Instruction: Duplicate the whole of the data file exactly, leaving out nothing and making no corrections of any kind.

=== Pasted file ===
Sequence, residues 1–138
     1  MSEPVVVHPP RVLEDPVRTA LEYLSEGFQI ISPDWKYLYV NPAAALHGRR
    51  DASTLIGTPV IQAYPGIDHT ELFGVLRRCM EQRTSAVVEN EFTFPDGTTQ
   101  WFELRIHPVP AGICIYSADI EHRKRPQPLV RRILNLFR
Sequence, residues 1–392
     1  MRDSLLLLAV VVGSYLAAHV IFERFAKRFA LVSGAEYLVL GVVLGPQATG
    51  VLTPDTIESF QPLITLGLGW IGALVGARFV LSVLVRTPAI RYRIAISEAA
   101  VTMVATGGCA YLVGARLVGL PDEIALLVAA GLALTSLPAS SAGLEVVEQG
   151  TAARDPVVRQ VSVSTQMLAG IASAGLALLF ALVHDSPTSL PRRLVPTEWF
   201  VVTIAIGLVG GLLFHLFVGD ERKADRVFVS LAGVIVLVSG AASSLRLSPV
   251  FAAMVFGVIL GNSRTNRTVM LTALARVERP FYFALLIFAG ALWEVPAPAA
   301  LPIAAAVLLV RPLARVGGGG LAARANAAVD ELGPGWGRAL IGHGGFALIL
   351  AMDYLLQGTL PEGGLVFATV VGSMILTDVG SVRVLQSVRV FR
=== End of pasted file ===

Sequence, residues 1–138
     1  MSEPVVVHPP RVLEDPVRTA LEYLSEGFQI ISPDWKYLYV NPAAALHGRR
    51  DASTLIGTPV IQAYPGIDHT ELFGVLRRCM EQRTSAVVEN EFTFPDGTTQ
   101  WFELRIHPVP AGICIYSADI EHRKRPQPLV RRILNLFR
Sequence, residues 1–392
     1  MRDSLLLLAV VVGSYLAAHV IFERFAKRFA LVSGAEYLVL GVVLGPQATG
    51  VLTPDTIESF QPLITLGLGW IGALVGARFV LSVLVRTPAI RYRIAISEAA
   101  VTMVATGGCA YLVGARLVGL PDEIALLVAA GLALTSLPAS SAGLEVVEQG
   151  TAARDPVVRQ VSVSTQMLAG IASAGLALLF ALVHDSPTSL PRRLVPTEWF
   201  VVTIAIGLVG GLLFHLFVGD ERKADRVFVS LAGVIVLVSG AASSLRLSPV
   251  FAAMVFGVIL GNSRTNRTVM LTALARVERP FYFALLIFAG ALWEVPAPAA
   301  LPIAAAVLLV RPLARVGGGG LAARANAAVD ELGPGWGRAL IGHGGFALIL
   351  AMDYLLQGTL PEGGLVFATV VGSMILTDVG SVRVLQSVRV FR